Though the lander’s rock sampling arm wasn’t functioning properly, Hand later deduced the rock’s composition by sieving a few grains of sediment from a water sample brought back to the surface. “It was akin to Mars sample return for me,” he said. “Though it’s not much, it was plenty to do some great analysis. The analysis was very consistent with seeing those alteration products,” he said.
Feeding on hydrogen
The altered rock is part of the younger tectonic plate overlying the ancient Pacific seafloor, Fryer said. The Mariana trench is a subduction zone, where two of Earth’s tectonic plates meet and one slides beneath the other. Water percolating up through the rocks alters the minerals through a process called serpentinization, releasing sulfur, methane and hydrogen, which can feed bacteria — the last, in particular, is “like cotton candy” for microbes, she said.
The outcrop was covered in part by a few meters of thick, filamentlike organic mats. “There was an astonishingly bizarre microbial ecosystem populating these talus blocks,” Hand said. “To see this kind of structure, this kind of mat in organized form was quite a surprise.”
In recent years, researchers have speculated that early life on Earth arose 4 billion years ago at subduction zones similar to the Mariana Trench. Temperatures were cooler in the deep trenches, and serpentine rocks may have provided the necessary chemical jump-start.
“These deep-sea trenches are places were life might have emerged on Earth,” Cameron said. “These mysteries need to be unraveled. Hopefully, we will dive again.”
There are no plans for another dive as yet, but Cameron said the submersible and landers are operational and sitting in a barn on his Santa Barbara, Calif., property. “The question is where the funding is going to come from,” he said. “I’ll have to aggregate funding to do it. I’ve also got this hobby I do occasionally where I make movies about Pandora.”
If someone were to ask me what I consider beautiful about this universe, these images come to mind. This is just one small aspect of the natural universe but to me, nebulae and the formation of stars because of them is extraordinary beyond words. Starting from the top and going down, left to right, here are the names and a brief description:
Carina Nebula-Otherwise known as NGC 3372, The Carina nebula is an estimated 7,500 light years away from Earth, and can be seen in the Southern Hemisphere in the constellation, Carina. It is four times larger than the Orion Nebula and contains a total mass in the range of 900,000 times the mass of the Sun. This magnificent nebula is home to one of the largest stars ever discovered- Eta Carinae. It is roughly 150 times the mass of our Sun but is four million times as luminous.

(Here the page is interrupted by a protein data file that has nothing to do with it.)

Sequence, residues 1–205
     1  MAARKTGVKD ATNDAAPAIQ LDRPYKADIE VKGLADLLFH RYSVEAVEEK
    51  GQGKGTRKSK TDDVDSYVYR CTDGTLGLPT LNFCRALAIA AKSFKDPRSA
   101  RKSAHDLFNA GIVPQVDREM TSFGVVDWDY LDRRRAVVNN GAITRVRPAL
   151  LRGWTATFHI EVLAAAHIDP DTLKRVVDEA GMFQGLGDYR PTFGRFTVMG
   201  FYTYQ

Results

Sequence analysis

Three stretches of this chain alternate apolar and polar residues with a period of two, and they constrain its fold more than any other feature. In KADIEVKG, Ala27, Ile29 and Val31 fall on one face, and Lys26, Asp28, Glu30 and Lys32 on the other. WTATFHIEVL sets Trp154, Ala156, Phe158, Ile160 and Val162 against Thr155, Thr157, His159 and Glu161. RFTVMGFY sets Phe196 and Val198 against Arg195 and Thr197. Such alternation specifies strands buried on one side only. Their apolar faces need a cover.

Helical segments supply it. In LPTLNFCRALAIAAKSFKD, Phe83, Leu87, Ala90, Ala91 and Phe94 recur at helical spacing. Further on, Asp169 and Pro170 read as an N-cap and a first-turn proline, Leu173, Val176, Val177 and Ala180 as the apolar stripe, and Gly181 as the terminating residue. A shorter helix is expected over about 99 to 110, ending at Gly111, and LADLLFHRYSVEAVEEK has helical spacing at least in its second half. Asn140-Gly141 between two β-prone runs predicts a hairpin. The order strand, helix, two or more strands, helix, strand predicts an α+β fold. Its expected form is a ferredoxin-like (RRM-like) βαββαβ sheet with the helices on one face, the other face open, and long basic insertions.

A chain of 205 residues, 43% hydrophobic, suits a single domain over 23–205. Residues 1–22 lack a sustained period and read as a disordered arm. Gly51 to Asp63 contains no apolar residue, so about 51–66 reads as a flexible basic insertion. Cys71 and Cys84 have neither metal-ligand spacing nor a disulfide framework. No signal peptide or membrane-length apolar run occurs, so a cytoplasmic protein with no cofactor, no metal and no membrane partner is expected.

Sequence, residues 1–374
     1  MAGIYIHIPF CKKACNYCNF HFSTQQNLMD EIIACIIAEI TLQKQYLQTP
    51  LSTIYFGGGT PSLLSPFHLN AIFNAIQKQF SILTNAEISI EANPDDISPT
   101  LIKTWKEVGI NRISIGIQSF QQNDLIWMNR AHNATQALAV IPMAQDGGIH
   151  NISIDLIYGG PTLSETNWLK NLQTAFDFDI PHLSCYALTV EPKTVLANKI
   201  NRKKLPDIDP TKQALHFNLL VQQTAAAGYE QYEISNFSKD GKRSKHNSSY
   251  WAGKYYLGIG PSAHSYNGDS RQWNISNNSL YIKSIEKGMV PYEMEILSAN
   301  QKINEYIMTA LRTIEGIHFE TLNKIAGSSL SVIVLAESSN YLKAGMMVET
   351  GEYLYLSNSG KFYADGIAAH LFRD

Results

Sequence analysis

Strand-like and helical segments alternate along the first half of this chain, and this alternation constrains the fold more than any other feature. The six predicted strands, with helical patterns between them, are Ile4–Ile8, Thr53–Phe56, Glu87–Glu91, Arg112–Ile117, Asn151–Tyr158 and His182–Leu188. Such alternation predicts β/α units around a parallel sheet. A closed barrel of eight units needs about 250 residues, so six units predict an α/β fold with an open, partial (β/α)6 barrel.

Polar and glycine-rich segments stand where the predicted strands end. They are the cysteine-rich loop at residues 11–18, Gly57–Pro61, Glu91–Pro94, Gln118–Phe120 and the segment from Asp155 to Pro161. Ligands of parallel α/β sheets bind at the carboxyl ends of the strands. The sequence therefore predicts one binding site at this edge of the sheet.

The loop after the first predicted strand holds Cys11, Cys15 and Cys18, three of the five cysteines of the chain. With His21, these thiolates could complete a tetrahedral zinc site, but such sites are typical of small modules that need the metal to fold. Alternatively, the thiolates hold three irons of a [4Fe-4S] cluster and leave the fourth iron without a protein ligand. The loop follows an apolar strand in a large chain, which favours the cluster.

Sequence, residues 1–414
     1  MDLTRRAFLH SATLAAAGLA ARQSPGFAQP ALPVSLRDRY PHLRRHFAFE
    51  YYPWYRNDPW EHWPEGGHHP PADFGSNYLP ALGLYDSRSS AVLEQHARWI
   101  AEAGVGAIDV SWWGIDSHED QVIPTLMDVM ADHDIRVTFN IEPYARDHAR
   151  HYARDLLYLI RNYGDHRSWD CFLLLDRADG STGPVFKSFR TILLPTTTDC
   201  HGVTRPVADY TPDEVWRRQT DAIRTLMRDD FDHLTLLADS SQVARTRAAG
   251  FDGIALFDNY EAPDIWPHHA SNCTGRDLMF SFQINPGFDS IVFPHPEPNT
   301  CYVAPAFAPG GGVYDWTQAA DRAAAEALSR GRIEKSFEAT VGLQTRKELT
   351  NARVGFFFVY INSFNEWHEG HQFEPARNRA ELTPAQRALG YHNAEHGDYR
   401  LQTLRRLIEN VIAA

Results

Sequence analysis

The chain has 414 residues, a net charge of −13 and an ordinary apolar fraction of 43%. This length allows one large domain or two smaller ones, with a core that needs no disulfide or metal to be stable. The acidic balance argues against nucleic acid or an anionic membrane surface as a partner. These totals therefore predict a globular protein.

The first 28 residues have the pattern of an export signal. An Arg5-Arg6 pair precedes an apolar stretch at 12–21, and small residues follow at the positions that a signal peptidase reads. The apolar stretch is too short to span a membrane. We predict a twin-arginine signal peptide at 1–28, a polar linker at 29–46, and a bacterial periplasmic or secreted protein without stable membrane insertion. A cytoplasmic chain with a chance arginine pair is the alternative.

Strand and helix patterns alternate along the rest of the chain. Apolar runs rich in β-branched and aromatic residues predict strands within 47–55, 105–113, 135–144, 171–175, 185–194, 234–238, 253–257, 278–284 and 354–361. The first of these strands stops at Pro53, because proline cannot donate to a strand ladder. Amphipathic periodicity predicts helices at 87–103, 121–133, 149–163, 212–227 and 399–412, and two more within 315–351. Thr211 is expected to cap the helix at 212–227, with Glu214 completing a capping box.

Orion Nebula- Otherwise known as M42, the Orion Nebula is a relatively close 1,500 light years away. It has a diameter of 24 light years, which is roughly 141 trillion miles wide. It’s total mass is roughly 2,000 times the mass of the Sun. Due to its close proximity, the Orion Nebula remains one of the most studied nebulae. We can see roughly 700 stars at many different stages of their lifecycle in the Orion Nebula.
Trifid Nebula- Residing in the constellation of Sagittarius, the Trifid Nebula, known also as M20, is approximately 5,000 light years away from Earth. In this image, we can see three distinctive types of Nebulae within the Trifid. The first being a red emission nebula, which is created by the hydrogen atoms being ionized by nearby stars within the nebula. The second is a blue reflection nebula, created by the dust that is reflecting the starlight. This reflection creates the blue seen in this image. The third is a dark nebula, which is created by the even thicker dust clouds that create a silhouette within the Trifid. The diameter of the Trifid Nebula is roughly 40 light years across.
Tarantula Nebula- This absolutely massive nebula deserves a lengthy description to appreciate its true size. Otherwise known as Doradus 30 or NGC 2070, the Tarantula lies at a distance of 160,000 light years from Earth and contains a mass that is measured in millions of times the mass of our Sun. It is estimated to be 100 times larger than the Orion Nebula and roughly 550 light years in diameter. This equates to about 3.2 quadrillion miles in diameter. A number that is so utterly comprehensible, but worth considering. For perspective, the distance to the nearest star, Alpha Centauri is 4.3 light years away, making the diameter of the Tarantula Nebula 127 times wider than the distance to Alpha Centauri. This nebula is also so incredibly bright that if we replaced the Orion Nebula with it, it would be as bright as 60 moons and would cast shadows on Earth. The Tarantula Nebula can be seen in the constellation of Doradus.
R136 within the Tarantula Nebula- This tremendously luminous super star cluster seen as the bright blue stars to the right of the image, lies within the previously mentioned Tarantula Nebula. R136 contains what are called OB type stars(Blue-Blue/White). They are short-lived and extremely large. A rule to remember- the larger the star, the shorter the life. There are thousands of stars in this cluster alone, many of them being at least 50 times larger than our Sun. It is believed that this cluster will become a Globular Cluster in the future due to the close proximity of all the stars. In fact, Scientists have measured that 121 of these stars reside in a region of only 15 light years in diameter Consider again that the nearest star to our Sun is 4.3 light years away. In under 4 times that distance there lies 121 massive and extremely luminous OB-type stars. Truly unbelievable when you think about it. It is also believed that 40 supernovae have occurred in R136 within the last 10,000 years; the last being the famous SN 1987A supernova.